Reiner Wassmann, IRRI's co-ordinator of climate change research, said new varieties of rice that were flood and saltwater tolerant would help reduce losses from storms. Faster-growing varieties could also help farmers avoid the typhoon season.
Australia's A$2 billion sugarcane crop is particularly vulnerable to more powerful storms. Floods over the past several months caused losses of A$500 million, said Steve Greenwood, chief executive of Queensland's Canegrowers Association.
Cyclone Yasi, a large category 5 storm, caused further losses of up to a quarter of the remaining crop.
But Greenwood said while there was little farmers could do faced with 250 km/h (156 mph) winds that smash cane stems, new varieties could at least reduce losses from flooding.
Hoeppe of Munich Re expected insurance losses to rise, in part because of greater risks to mines, such as Australia's storm-prone northern open-pit iron ore and coal mines that are central to global steel production.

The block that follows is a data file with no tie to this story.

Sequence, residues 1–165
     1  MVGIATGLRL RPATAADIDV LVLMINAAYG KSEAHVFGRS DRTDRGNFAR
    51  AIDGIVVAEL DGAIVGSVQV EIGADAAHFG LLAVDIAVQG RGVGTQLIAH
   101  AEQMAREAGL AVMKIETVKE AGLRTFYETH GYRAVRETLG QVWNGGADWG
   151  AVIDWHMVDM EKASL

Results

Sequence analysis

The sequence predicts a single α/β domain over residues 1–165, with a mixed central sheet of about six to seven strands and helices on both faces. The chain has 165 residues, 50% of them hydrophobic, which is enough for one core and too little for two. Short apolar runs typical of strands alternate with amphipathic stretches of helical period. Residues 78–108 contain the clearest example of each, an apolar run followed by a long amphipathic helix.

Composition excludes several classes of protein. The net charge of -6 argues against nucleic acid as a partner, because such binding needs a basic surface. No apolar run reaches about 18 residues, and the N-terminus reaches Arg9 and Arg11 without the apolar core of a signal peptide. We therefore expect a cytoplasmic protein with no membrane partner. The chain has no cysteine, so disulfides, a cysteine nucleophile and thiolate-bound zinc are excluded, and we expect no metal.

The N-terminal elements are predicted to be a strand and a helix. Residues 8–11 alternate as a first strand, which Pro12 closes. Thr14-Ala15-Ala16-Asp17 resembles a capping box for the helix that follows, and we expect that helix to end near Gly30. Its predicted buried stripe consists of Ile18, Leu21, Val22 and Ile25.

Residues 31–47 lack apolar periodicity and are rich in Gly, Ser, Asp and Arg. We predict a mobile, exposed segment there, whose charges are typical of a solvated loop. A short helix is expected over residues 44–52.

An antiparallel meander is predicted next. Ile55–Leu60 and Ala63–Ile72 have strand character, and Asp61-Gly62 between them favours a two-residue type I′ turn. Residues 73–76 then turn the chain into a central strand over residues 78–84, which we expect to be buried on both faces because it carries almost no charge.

Australia is the world's top iron ore exporter and also a top thermal and coking coal producer.
Climate change was already prompting major miners to re-assess the weather risks to their operations and existing designs of infrastructure, such as road, rail and port links and holding capacity of tailings dams, analysts say.
The key to existing strict building codes is the assessment of the return period of extreme weather events. That assessment is now being challenged. Munich Re says weather related natural catastrophes have tripled in the past 30 years in Australia.
"I think what people are still coming to grips with is how the traditional civil engineering design guidelines around return periods. Those are going to change," said Peter Lilly, a senior minerals and energy strategist at Curtin University in Perth, Western Australia.
"The historical 1 in 100, 1 in 200 and 1 in 500 years events are going to change. The traditional design criteria are going to have to change," he said.
(Additional reporting by James Regan, Rebekah Kebede and Bruce Hextall in Australia; Editing by Alex Richardson)